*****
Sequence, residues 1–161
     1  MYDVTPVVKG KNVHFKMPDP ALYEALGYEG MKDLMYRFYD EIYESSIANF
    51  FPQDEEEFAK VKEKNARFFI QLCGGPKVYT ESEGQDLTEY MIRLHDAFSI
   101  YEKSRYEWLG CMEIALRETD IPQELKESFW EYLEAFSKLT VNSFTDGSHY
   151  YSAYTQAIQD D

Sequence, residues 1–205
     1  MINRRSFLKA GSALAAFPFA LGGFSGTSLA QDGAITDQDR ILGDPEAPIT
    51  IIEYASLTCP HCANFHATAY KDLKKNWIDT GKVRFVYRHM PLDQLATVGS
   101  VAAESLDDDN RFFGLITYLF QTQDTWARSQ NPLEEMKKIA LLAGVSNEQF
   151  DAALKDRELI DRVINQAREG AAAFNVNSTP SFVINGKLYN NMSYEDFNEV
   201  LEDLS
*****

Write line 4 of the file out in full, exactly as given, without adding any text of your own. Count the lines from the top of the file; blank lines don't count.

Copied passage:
   101  YEKSRYEWLG CMEIALRETD IPQELKESFW EYLEAFSKLT VNSFTDGSHY